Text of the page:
Tuesday, April 30, 2013

A Spicy, Dicey, Mango Relish

I’m sure I’ve done at least 50 videos where I promise I’ll show a side dish or technique seen therein at a future date. Of course, I usually forget about it shortly thereafter, unless someone pokes me, but in the case of this spicy mango relish, I actually reminded myself.

I found myself in possession of some nice, fat shrimp, which I planned to spice up and sear simply (I promise to show that recipe at a future date). I was thinking of topping with some kind of fresh salsa, when I saw Michele had bought some mangoes for a lassi (I promise to show that recipe at a future date).

As luck would have it, the mangoes were sitting near a can of coconut milk, and I remembered the rice pudding video, and the diced mango technique I had so casually promised. The rest of the story is kind of anti-climatic.

This mango relish is wonderfully versatile and infinitely adaptable. It might be at its best simply enjoyed with tortilla chips, but a close second would be as I used it here, to dress some kind of spicy meat. It was crazy good on these shrimp. Promise me you will give it a try soon…or at a future date. Enjoy!

Ingredients for about 3/4 cup Mango Relish:
1 mango, prepped as shown
2 tsp chopped cilantro
2 tsp sambal chili sauce, or other type of fresh or jarred chilies
2 tsp rice wine vinegar
big pinch of salt
Please Note: everything here is “to taste.”

View the complete recipe

Sunday, April 28, 2013

A Humbling Strawberry Rhubarb Reminder

I was checking Twitter mentions last week, and saw that a viewer by the name of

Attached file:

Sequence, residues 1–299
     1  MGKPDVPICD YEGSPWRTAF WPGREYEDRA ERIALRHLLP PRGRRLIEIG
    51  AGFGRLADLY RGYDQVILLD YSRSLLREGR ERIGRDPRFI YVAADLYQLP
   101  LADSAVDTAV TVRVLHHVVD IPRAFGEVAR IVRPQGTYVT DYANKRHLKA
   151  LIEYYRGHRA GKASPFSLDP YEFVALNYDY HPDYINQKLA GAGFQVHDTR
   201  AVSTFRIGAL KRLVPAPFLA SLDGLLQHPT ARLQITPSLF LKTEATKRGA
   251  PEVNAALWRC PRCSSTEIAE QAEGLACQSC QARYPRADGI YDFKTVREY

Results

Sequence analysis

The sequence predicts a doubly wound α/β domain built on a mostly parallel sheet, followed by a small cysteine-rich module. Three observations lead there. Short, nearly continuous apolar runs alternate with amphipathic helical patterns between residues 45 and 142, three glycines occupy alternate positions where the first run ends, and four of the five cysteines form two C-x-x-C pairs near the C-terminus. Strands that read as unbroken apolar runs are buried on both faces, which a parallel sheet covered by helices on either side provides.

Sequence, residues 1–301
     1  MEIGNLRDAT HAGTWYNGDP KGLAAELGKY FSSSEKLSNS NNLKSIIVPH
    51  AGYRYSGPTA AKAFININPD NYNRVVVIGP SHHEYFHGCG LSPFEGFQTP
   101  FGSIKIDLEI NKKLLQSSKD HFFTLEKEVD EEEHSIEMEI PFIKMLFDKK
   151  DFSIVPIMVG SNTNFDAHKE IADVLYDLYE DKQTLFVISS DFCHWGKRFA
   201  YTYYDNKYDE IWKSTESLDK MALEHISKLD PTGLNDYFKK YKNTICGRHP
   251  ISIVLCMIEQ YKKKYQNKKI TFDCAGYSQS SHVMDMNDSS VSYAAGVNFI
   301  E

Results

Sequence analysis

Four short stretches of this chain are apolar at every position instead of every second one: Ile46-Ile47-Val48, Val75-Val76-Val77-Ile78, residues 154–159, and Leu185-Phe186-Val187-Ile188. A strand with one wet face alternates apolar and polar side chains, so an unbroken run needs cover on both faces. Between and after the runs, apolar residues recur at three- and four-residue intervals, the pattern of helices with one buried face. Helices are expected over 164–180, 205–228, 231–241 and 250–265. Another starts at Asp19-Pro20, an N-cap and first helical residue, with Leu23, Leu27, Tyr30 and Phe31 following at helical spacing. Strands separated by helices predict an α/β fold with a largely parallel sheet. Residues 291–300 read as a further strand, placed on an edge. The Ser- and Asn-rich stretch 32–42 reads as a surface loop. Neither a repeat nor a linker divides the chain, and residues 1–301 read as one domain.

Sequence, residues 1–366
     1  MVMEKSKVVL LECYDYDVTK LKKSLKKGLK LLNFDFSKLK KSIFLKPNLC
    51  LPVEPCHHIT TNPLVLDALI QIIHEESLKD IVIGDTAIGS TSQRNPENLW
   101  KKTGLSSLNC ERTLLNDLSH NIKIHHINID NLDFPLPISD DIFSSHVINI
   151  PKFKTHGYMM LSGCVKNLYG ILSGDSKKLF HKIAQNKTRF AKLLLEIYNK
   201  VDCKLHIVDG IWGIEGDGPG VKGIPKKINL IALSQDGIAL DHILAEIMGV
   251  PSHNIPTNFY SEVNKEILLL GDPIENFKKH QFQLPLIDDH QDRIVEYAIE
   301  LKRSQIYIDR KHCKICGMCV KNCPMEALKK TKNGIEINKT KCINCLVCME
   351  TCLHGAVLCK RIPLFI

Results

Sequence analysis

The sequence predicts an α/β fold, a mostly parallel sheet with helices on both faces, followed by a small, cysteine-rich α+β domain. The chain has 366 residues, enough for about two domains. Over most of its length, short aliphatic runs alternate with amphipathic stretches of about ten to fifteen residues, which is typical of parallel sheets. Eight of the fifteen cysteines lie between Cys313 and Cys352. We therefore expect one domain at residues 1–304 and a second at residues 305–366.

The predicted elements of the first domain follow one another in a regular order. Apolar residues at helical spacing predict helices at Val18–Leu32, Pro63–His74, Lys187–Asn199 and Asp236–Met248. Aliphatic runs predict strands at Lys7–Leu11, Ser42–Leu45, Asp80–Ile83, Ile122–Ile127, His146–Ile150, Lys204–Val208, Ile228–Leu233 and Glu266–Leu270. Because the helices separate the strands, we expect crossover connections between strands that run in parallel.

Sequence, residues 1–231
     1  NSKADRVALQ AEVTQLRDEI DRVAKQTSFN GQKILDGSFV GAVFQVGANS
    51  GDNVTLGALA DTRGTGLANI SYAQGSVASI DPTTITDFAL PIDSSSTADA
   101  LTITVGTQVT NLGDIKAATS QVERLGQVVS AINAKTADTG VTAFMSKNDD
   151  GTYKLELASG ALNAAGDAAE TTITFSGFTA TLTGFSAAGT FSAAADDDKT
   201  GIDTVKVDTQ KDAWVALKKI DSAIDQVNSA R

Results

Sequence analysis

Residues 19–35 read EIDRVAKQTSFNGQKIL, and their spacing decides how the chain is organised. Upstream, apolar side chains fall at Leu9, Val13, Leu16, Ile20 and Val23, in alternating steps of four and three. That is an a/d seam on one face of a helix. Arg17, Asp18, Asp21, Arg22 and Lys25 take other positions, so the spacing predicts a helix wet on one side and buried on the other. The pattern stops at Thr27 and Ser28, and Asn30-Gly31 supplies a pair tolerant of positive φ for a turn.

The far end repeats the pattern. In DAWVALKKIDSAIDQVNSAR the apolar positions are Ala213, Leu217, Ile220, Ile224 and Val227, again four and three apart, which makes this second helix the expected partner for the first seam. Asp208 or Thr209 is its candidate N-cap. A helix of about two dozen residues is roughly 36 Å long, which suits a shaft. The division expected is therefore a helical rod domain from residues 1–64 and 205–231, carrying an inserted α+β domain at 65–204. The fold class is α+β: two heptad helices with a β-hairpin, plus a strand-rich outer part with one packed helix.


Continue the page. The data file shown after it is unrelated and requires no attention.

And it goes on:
nguyen4 had posted a strawberry rhubarb pie photo on Instagram (left), and credited me for the recipe. At first, I thought they were mistaken, as I didn’t recognize the pie as one of my creations, but then I realized that was because they’d made it so much better looking than mine. I hate/love when that happens. 

Anyway, once I got over this blow to my ego, I decided to repost this in case you missed it the first time, or just needed a little reminder as to what a fantastic spring pie this really is. Enjoy!

To read the original post and get the ingredient amounts, click here.

Friday, April 26, 2013

Strawberry Granita – So Forking Refreshing

We never had air conditioning growing up, and the closest we’d get was a visit to the refrigerator. You’d open the door, and let the cool air wash over you, as you pretended to look for something to eat. Of course, after a few glorious minutes, mom would figure out what was going on, and yell to close the door. I wish I had known about this strawberry granita recipe back then.

You can make and serve this gorgeous granita any time, but it’s really best enjoyed during the summer months. Not only because it’s cold and delicious, but also because it forces you to stick your hot, sweaty face in the freezer four or five times to stir. It’s such a bracing and refreshing experience that I almost feel sorry for people that do have AC. Almost.

Besides a welcomed respite from the heat, this mandatory, periodical forking creates the dessert’s signature texture. By breaking up the ice crystals as the granita freezes, you’ll get what looks exactly like ground granite, which is where this sweet treat’s name actually comes from.

I know it’s still early spring, but strawberries are beautiful right now, so why not practice a few times before the serious heat waves hit? By the way, let me be the first one to say it to you this year…it’s not the heat, it’s the humidity. I hope you give this a try soon. Enjoy!

Ingredients for 8 servings:
(Note: Yes, this will work with other fruit and berry purees)
2 pounds strawberries
1 cup water
1/3 to 1/2 cup white sugar (depending on sweetness of berries)
(Note: I've not tried other types of sweeteners)
1/4 tsp balsamic vinegar
1/2 tsp lemon juice
very small pinch of salt
*Note: freezing times will vary greatly depending on how cold, empty, large, etc., your freezer is. Just keep checking and forking!

View the complete recipe

Wednesday, April 24, 2013